Report finds 1,400 children sexually exploited in northern English city

‘Collective’ fault cited in rapes, violence over a 16-year span

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LONDON — About 1,400 chil­dren were sex­u­ally ex­ploited in a north­ern En­gland town, a re­port con­cluded Tues­day in a damn­ing ac­count of “col­lec­tive fail­ures” by au­thor­i­ties to pre­vent vic­tims as young as 11 from be­ing beaten, raped and traf­ficked over a 16-year pe­riod.

Re­port au­thor Alexis Jay cited ap­pall­ing acts of vi­o­lence be­tween 1997 and 2013 in Rother­ham, a city of some 250,000.

The in­de­pen­dent re­port came af­ter a se­ries of con­vic­tions of sex­ual pred­a­tors in the re­gion and ground-break­ing re­ports in the Times of Lon­don.

Read­ing de­scrip­tions of the abuse makes it hard to imag­ine that noth­ing was done for so long. The re­port de­scribed rapes by mul­ti­ple per­pe­tra­tors, mainly from Brit­ain’s Paki­stani com­mu­nity, and how chil­dren were traf­ficked to other towns and cit­ies in the north of En­gland, ab­ducted, beaten and in­tim­i­dated.

“There were ex­am­ples of chil­dren who had been doused in pet­rol and threat­ened with be­ing set alight, threat­ened with guns, made to wit­ness bru­tally vi­o­lent rapes and threat­ened they would be next if they told any­one,” Ms. Jay said. “Girls as young as 11 were raped by large num­bers of male per­pe­tra­tors.”

The re­port’s au­thor did not re­lease the iden­ti­ties of the chil­dren, but of­fered a gen­eral de­scrip­tion of the cases show­ing that the vic­tims were be­tween 11 and 16 years old. Most, but not all, were girls preyed upon by un­re­lated older men.

A sam­pling of case stud­ies showed that the vic­tims first came into con­tact with au­thor­i­ties for a va­ri­ety of rea­sons, in­clud­ing be­ing re­ported miss­ing from their homes, leav­ing school with un­known men or as stalk­ing vic­tims. While most vic­tims in the older cases were de­scribed as “white Brit­ish chil­dren,” the re­port said that more re­cently, a greater num­ber of cases were com­ing from the grow­ing Paki­stani, Kash­miri and Roma com­mu­ni­ties.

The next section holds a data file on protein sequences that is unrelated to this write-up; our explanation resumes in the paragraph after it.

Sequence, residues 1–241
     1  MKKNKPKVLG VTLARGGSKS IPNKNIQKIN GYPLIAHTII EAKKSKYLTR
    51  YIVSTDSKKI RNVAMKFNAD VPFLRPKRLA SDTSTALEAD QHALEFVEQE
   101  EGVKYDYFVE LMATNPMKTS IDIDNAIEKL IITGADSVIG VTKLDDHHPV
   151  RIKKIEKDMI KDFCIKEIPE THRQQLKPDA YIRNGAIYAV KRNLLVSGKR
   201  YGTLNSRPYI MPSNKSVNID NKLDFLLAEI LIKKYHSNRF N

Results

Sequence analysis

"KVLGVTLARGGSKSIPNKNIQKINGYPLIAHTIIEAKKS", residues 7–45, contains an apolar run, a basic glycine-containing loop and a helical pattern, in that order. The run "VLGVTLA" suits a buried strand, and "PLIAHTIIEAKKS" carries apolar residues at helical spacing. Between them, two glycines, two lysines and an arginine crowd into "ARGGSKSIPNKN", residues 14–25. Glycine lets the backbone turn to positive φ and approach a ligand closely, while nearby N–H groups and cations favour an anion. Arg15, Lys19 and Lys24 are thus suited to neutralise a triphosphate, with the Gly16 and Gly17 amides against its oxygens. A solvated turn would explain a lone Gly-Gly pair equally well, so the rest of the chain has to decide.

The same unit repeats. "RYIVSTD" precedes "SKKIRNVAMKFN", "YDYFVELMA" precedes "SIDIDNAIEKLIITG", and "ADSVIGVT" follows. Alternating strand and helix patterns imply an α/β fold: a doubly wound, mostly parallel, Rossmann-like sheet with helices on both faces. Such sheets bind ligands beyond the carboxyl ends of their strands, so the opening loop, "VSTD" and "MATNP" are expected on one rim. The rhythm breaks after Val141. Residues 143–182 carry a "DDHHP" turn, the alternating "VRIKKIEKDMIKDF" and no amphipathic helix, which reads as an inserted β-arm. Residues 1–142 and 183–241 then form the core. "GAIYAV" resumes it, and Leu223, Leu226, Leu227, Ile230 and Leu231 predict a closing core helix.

At­ten­tion first fell on Rother­ham in 2010, when five men re­ceived lengthy jail terms af­ter con­vic­tions for groom­ing teens for sex. A se­ries of other high-pro­file cases fea­tur­ing Paki­stani rings also emerged in Roch­dale, Derby and Ox­ford— and com­mu­ni­ties be­gan to look more closely at their child sex-ex­ploitation cases. Rother­ham de­cided to con­duct a for­mal in­quiry, and Ms. Jay, a for­mer chief so­cial work ad­viser to the Scot­tish gov­ern­ment, was ap­pointed to in­ves­ti­gate. But she told the BBC that she was “very shocked” by what she found.

Even though ear­lier re­ports de­scribed the sit­u­a­tion in Rother­ham, the first of these re­ports was “ef­fec­tively sup­pressed” be­cause se­nior of­fi­cers did not be­lieve the data. “The col­lec­tive fail­ures of po­lit­i­cal and of­fi­cer lead­er­ship were bla­tant,” Ms. Jay said. “From the be­gin­ning, there was grow­ing ev­i­dence that child sex­ual ex­ploitation was a se­ri­ous prob­lem in Rother­ham.”

Com­pli­cat­ing the re­port­ing was the fact that vic­tims de­scribed the per­pe­tra­tors as “Asian,” and yet the coun­cil failed to en­gage with the town’s Paki­stani com­mu­nity. “Sev­eral staff de­scribed their ner­vous­ness about iden­ti­fy­ing the eth­nic or­i­gins of per­pe­tra­tors for fear of be­ing thought rac­ist; oth­ers re­mem­bered clear di­rec­tion from their man­ag­ers not to do so,” Ms. Jay said.

Rother­ham has had its prob­lems even be­fore Tues­day’s re­port. It has seen the loss of tra­di­tional in­dus­tries from the 19th and 20th cen­tu­ries, and, though the lo­cal econ­omy has grown re­cently, it is also marked by depri­va­tion and high un­em­ploy­ment.

“It is hard to imag­ine the dam­age caused to vic­tims who were preyed upon with al­most im­pu­nity over many years, be­cause of a re­luc­tance to com­pre­hend or ad­dress what was widely hap­pen­ing,” said John Cameron, head of the help­line for the Na­tional So­ci­ety for the Preven­tion of Cru­elty to Chil­dren.

The lo­cal coun­cil leader, Roger Stone, re­signed im­me­di­ately.

Prime Min­is­ter David Cameron’s Down­ing Street of­fice said the les­sons of past fail­ures must be learned and those who ex­ploited the chil­dren brought to justice.

england - london - Europe - Western Europe - United Kingdom - David Cameron - United Kingdom government - Roger Stone


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